Yet all of this is preamble to some of my current thinking. In the past, I’ve mentioned my interest in Brother Lawrence and practicing the presence of God. During Bible study at the Emmaus dinner the other week, we discussed a reading from Jeremiah which led to talking about social justice. A phrase came to my mind, “Intersectional prayer”. What would it be like if our praying without ceasing were more intersectional. When we pray for a person who is suffering, do we pray for others who are suffering, perhaps as a result of similar but different forms of oppression? Do we pray about the systemic causes of this oppression and confess our own role and culpability in this systemic oppression? If we take this further, how do we live in constant awareness of God’s awesomeness and the awesomeness of God’s creation while at the same time holding up the concerns, both individual and corporate about suffering?

How do we practice an intersectional presence of God?

This also brings me back to the issue of embracing uncertainty. How do we make ourselves as open as possible to uncertainty? How do we embrace kenosis and theosis in daily life?

Please, keep me in your prayers as I explore this over the coming months.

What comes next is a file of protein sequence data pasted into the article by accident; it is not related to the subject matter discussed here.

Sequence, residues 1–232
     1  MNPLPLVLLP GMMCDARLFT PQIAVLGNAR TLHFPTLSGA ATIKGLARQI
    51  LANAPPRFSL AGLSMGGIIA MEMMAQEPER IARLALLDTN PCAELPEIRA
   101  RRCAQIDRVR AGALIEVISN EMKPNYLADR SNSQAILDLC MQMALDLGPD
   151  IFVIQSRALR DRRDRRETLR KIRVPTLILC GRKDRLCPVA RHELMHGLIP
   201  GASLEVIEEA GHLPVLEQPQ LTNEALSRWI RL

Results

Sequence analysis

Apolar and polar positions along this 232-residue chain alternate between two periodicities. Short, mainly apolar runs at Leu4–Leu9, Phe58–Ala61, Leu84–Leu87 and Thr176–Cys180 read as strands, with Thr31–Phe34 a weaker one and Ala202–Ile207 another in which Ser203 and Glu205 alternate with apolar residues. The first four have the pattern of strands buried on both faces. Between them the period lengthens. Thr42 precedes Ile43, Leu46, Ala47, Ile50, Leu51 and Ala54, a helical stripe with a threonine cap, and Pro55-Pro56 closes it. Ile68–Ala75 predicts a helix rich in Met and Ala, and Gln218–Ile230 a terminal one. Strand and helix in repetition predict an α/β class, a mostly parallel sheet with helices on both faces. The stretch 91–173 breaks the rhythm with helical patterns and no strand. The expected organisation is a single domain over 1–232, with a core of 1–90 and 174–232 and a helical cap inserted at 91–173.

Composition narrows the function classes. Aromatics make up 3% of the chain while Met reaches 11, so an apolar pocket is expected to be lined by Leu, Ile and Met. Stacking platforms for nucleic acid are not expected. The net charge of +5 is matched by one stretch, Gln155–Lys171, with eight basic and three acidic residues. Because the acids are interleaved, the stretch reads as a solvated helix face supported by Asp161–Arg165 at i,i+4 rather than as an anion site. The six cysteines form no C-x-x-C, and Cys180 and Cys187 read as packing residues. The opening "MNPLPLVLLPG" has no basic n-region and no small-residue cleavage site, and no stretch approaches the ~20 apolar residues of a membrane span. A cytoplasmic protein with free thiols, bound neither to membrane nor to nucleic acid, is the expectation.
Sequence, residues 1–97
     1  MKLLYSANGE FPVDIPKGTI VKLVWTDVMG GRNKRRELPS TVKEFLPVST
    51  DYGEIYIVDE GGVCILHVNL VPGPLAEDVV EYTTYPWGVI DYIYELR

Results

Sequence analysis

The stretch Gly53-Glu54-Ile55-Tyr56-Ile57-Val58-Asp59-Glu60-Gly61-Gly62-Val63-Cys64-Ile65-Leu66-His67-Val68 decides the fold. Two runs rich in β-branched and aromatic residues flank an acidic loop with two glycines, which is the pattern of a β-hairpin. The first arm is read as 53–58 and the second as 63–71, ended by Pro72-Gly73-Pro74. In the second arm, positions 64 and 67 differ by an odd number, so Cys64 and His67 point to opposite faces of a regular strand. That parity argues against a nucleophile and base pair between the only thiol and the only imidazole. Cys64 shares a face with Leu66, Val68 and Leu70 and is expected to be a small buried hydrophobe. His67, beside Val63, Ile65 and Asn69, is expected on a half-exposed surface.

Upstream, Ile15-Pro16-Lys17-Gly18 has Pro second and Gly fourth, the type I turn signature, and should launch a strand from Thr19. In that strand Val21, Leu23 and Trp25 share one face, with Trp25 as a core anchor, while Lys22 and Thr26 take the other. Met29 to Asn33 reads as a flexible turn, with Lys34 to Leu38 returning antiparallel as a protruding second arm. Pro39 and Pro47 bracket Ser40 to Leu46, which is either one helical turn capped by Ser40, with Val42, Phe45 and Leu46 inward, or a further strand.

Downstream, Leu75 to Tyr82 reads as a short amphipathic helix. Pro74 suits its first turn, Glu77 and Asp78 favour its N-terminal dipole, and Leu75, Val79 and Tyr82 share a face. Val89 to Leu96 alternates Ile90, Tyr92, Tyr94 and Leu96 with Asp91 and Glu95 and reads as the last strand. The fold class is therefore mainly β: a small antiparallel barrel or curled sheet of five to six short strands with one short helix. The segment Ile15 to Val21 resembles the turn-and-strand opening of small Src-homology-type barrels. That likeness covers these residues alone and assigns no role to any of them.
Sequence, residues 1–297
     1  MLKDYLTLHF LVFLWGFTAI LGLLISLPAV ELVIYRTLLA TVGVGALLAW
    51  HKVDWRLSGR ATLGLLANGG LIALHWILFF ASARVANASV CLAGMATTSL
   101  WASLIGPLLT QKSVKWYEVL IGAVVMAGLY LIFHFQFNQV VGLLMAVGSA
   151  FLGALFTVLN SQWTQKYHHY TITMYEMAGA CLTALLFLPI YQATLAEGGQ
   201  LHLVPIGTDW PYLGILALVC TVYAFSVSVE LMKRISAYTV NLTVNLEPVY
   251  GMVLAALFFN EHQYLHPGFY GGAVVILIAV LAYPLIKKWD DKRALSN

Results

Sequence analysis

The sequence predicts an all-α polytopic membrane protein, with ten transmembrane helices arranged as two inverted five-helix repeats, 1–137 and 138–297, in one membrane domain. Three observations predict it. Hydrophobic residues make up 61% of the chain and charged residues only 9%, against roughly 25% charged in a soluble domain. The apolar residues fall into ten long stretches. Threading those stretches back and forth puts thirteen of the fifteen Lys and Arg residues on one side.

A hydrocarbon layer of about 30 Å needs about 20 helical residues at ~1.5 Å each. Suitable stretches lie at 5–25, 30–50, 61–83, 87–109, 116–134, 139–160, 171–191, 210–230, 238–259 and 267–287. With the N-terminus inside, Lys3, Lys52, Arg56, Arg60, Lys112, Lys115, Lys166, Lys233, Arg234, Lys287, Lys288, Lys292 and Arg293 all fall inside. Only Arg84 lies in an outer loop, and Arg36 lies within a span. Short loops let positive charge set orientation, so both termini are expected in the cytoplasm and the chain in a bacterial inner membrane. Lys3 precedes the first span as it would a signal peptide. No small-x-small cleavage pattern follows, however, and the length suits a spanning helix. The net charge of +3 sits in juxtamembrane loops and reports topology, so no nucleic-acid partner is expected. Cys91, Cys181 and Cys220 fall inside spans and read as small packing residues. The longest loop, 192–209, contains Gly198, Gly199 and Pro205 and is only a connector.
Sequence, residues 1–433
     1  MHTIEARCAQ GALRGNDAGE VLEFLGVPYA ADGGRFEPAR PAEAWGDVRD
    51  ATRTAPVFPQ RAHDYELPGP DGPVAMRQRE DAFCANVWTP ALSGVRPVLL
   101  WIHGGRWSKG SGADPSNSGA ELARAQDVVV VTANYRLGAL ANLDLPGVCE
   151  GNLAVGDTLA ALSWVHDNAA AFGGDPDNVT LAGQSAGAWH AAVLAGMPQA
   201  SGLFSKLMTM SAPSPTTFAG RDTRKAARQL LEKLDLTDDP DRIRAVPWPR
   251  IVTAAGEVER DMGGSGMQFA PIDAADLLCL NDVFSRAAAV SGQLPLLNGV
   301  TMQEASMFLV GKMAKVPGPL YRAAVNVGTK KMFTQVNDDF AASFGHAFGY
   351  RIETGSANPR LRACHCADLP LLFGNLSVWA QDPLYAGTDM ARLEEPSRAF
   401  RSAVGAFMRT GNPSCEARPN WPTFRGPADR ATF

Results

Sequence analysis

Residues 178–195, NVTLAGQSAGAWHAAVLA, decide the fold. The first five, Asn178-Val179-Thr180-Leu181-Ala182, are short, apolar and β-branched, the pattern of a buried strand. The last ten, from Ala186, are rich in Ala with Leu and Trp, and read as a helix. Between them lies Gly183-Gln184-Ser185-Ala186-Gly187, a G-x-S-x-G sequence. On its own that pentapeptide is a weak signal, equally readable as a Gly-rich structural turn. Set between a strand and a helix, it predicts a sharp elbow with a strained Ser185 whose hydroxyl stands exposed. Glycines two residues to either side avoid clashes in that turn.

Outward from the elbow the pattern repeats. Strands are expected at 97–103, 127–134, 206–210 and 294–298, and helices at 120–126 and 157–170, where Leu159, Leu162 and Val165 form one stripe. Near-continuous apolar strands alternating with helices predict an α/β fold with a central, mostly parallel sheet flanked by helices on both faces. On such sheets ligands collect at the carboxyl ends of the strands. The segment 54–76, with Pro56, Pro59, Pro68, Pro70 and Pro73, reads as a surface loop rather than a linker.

Whatever is right...

This week, I’ve been reached out to as the administrator of two different groups where things were getting divisive and nasty. In one group, I closed the comments and posted some thoughts. The original post ended up being taken down by someone else. In the other group, I simply deleted a post and shared my thoughts about the purpose of the group.

One of the groups is about the town I grew up in. I posted,

I remember growing up near the top of Henderson road. I often felt a social awkward and like a bit of an outcast. I remember when people picked on me. They called me names and threatened me. More often, I remember the kindness of people in a beautiful village overlooked by a majestic mountain.